Once you are qualified to stand watches, you will be supervising the watchstanders on duty. You will be responsible for operation of the reactor and responding to alarms and problems in the control room or Maneuvering Room. Meanwhile you will have other training and qualifications to complete while continuing to run your division. You will be working on your qualifications as a submarine or surface warfare specialist. You will be working on standing watches in other parts of the ship.

You will be at sea for long periods. In-port or in a shipyard the work seems harder, because you know the beach is just outside the gate.

9. May 8, 2011

### aliaze1

Just for clarification, this is referring to the aircraft carrier right? I take it you were on a submarine most of your time?

It would seem (rightfully so) that there is a lot of pressure as a reactor operator...is there anyone else to consult? Lots of information in one's head, sometimes it's hard to access it all you know?

Also, is the job of a nuclear propulsion officer any different than a nuclear propulsion enlistee, aside from the supervisory things? I feel like my years in an engineering program should mean something right?

Thanks

10. May 8, 2011

### turbo

My nephew is not a "forum" person or I'd ask him to jump in. A couple of years back, he had hit a wall as a Chief, despite being the top-rated chief out of more than 120 on his carrier. He accepted an appointment to propulsion school and a commission as warrant officer after the completion of his training. Not bad for a kid from a low-grade HS in rural Maine.

11. May 8, 2011

### Dmytry

making it somewhere else is about being a grown up independent person who can set his/her own goals and achieve them, not about being able to do stuff you're told to do.

12. May 8, 2011

### aliaze1

Yea I regret mentioning anything about military stereotypes....I was flat out wrong...

13. May 8, 2011

### Dmytry

Well it is kind of the case for real that military has a lot of people who wouldn't be in military if they could get a normal job, relationship, etc. I'd really recommend you to rethink it. The military is going to train you real hard. You could instead opt to train/work yourself this hard, and get yourself a good civilian job.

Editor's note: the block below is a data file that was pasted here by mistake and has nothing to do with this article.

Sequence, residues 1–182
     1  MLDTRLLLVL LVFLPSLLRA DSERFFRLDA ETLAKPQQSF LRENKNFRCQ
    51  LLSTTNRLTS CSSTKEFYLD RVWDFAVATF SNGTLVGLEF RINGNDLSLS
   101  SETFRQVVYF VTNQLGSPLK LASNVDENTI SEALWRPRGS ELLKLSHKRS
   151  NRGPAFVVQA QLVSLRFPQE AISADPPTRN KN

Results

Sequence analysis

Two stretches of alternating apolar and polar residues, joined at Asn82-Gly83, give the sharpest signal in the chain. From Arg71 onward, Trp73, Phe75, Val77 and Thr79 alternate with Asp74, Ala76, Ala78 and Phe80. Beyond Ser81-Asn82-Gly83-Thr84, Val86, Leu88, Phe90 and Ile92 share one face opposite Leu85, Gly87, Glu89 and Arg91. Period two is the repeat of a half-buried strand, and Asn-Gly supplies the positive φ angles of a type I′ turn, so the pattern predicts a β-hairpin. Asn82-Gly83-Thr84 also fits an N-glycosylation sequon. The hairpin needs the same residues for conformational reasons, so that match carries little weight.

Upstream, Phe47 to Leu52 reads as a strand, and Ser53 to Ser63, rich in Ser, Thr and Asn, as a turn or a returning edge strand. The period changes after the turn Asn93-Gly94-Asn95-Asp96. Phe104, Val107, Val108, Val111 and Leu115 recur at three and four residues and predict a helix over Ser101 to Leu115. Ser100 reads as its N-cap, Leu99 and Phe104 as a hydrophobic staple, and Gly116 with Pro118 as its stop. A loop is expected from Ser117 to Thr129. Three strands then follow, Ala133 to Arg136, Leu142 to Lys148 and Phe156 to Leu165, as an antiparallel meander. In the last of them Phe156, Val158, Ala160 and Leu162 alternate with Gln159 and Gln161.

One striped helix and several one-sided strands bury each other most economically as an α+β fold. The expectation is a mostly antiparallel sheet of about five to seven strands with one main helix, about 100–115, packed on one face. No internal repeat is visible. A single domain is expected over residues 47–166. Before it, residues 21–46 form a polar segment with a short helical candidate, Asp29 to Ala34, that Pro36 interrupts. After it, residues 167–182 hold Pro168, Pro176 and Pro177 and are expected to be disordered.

14. May 9, 2011

### NUCENG

The enlisted watchstanders have also been through a year of nuclear power school and prototype training. They have detailed training as reactor operators, electrical operators, mechanics, instrumentation and controls, and chemistry. You have a senior petty officer or chief as a watch supervisor to support you and perform on the spot supervision outside the control room. The ship's Engineer (Scotty to you trekkies) and senior officers will always be available for questions, and are likely to be standing there in their skivvies when things go wrong. As an officer you won't be pulling or inserting rods at the reactor control panel or operating valves in the plant, But you will need to know enough to back the others up with the more intensive training you receive on integrated plant operations, casualties, and procedures.

15. May 9, 2011

### NUCENG

No problem.

I don't know how much of the forum you have read. But so you are informed. Dmytry is apparently in Lithuania and runs his own business in software development. I don't know where he gets his ideas about life and the quality of personnel in the US Navy. Don't just take my word for it. Do your research. Get your recruiter to provide you with all the information you can get. Find other vets who can give you both sides of the life you will have. Whether you go into the military or into engineering as a civilian, good luck.

16. May 9, 2011

### Staff: Mentor

Last edited by a moderator: Apr 25, 2017
17. May 9, 2011

### Dmytry

Well the OP himself is an example of a person somewhat on the fence for joining the military, who would not think of joining if he could find a civilian job in the field that interests him, or had personal ties that would interfere. I simply don't think it is really uncommon. Joining the military is a serious decision that has massive disadvantages due to exclusion of personal life; for many people those disadvantages would outweight the benefits, for some them don't.

18. May 9, 2011

### aliaze1

I had considered the program many times, but due to some prejudice against all things military (my family is of Indian descent, they are not very fond of the military over there), I never gave it serious thought. I guess the impression I had growing up was that 1. People who can't make it elsewhere, go to the military since they "take everyone". 2. You are basically signing your life away. 3. You are basically asking to get put into harm's way. Now mind you, I am not planning on joining the Marines or anything, nor do I really like the idea of combat, but I figured frankly speaking, nobody messes with our navy.